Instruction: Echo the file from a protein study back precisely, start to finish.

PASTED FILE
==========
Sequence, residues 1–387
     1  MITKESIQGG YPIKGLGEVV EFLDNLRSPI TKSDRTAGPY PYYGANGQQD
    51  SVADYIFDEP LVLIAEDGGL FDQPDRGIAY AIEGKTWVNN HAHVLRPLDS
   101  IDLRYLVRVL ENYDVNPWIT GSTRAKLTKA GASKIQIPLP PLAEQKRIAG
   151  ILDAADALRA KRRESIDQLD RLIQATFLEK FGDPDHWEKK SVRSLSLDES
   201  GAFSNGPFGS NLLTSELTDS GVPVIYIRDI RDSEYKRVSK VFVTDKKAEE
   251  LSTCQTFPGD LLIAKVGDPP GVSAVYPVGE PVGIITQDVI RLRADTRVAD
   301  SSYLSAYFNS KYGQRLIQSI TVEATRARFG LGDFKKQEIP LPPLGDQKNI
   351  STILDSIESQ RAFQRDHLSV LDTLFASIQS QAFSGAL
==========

Sequence, residues 1–387
     1  MITKESIQGG YPIKGLGEVV EFLDNLRSPI TKSDRTAGPY PYYGANGQQD
    51  SVADYIFDEP LVLIAEDGGL FDQPDRGIAY AIEGKTWVNN HAHVLRPLDS
   101  IDLRYLVRVL ENYDVNPWIT GSTRAKLTKA GASKIQIPLP PLAEQKRIAG
   151  ILDAADALRA KRRESIDQLD RLIQATFLEK FGDPDHWEKK SVRSLSLDES
   201  GAFSNGPFGS NLLTSELTDS GVPVIYIRDI RDSEYKRVSK VFVTDKKAEE
   251  LSTCQTFPGD LLIAKVGDPP GVSAVYPVGE PVGIITQDVI RLRADTRVAD
   301  SSYLSAYFNS KYGQRLIQSI TVEATRARFG LGDFKKQEIP LPPLGDQKNI
   351  STILDSIESQ RAFQRDHLSV LDTLFASIQS QAFSGAL